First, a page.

It was a rainy Sunday morning in Shkodra, a city in the north of Albania, not far from the border with Montenegro. Walking down the pedestrianised arterial street of the city, groups of men of apparent Middle Eastern descent sat huddled under trees, glued to their smartphones. Well dressed but forlorn looking, they looked up every so often, searching the passers by with their eyes before shifting their attention back to their devices once again.
They sit waiting for someone to collect them and take them onwards to what they hope will be a better life in a European Union country.
Over the last few months, Albanian police have apprehended tens of individuals involved in transporting third country citizens from Greece to Kosovo or Montenegro, with the promise of moving on to a European Union country. Yet still, the influx of immigrants continues.
Exit was able to meet one of those who had been involved in these activities but who was recently been apprehended by the police. Unwilling to talk to the authorities, they agreed to speak to Exit on the condition of anonymity, after contacting Exit through their anonymous tip line on a burner phone.
With a face covered by a mask and a beanie pulled down over most of their head, they spoke with the southern Albanian dialect. Known to Exit only by the initial “A”, they explained how the process worked.
Most of the immigrants are wealthy or well off, men in their late 20s or early 30s. There are also families amongst them. Their reason for leaving is due to political instability or pressure from the governments in their home country that make it impossible for them to live, conduct their business, or have any kind of a future.
Driven by desperation, they go through an agency in Athens which for a hefty fee, promises transit to the European Union- usually Hungary.
Once entering an agreement with the agency, they are taken to the border of Greece and Albania where they cross on foot through almost impossible terrain.
Within each group of migrants that travels, is one ‘undercover’ migrant who is placed by the agency to make sure everything goes according to plan. This individual is sent a location via WhatsApp and the group heads towards it. This part of the journey can take several days and during that time they are exposed to the elements, be it blistering hot sun, or torrential rain and storms.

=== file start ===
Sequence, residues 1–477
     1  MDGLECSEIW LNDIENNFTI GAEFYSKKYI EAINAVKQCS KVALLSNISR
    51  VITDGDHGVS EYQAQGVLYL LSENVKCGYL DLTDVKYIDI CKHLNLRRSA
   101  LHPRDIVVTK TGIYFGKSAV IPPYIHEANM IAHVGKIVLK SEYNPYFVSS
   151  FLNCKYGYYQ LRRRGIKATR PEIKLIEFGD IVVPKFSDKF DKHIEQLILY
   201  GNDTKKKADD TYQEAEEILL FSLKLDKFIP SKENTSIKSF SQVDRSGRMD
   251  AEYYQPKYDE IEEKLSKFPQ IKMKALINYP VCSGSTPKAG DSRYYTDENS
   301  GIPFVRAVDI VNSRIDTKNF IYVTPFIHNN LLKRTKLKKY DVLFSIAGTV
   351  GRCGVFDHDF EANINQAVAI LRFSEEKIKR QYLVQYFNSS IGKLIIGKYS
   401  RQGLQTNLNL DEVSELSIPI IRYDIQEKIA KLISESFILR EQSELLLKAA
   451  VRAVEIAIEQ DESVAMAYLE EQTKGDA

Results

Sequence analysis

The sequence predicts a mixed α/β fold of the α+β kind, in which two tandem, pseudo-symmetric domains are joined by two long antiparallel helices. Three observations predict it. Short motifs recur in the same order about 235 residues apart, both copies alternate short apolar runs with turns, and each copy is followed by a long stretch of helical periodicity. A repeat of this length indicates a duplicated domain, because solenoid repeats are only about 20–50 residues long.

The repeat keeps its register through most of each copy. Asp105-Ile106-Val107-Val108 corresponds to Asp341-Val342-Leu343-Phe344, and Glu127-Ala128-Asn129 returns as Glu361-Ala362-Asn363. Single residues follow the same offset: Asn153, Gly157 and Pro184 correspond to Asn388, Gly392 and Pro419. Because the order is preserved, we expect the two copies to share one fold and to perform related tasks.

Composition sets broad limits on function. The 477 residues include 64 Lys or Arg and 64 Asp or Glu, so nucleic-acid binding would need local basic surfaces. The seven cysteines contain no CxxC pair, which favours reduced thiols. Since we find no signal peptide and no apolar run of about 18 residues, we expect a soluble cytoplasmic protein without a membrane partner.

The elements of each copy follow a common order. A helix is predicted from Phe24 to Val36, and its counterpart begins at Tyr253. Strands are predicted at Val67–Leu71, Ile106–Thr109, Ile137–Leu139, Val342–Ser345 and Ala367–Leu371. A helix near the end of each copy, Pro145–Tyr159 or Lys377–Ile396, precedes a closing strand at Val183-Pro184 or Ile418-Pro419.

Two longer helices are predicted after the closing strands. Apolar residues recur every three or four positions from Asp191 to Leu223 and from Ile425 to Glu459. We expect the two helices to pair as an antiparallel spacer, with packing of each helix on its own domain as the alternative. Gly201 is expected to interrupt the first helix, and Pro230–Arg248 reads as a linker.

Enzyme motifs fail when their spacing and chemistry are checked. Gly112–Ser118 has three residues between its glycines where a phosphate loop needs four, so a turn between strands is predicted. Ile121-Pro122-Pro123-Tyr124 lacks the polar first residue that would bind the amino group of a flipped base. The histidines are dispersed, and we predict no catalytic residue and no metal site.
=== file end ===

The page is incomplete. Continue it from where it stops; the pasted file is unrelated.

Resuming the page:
Upon reaching the designated location, they are picked up by their connection. Vehicles of choice include vans and people carriers that are usually rented with a fake ID by the Albanian connection. These are rented on a per day basis and are usually accompanied by one to two other vehicles that will travel ahead and behind to warn the van of any police activity.
The immigrants are loaded into the van and given bottles of water and some food such as brioche and other snacks. A photo is taken of them and sent to the agency in Greece to confirm that this section of the journey is complete and that the next will start.
Then the journey to Tirana starts. The source said that there are agreements in place with senior police officials that allow problem-free transit between Korca and certain other points, against payment. They explain that those getting “caught” by the police are often those who haven’t paid their dues to the authorities.
“The ones getting caught are those that think they can do it without paying what’s owed. And the police have to look like they are doing something so they have to arrest a few people,” they told me.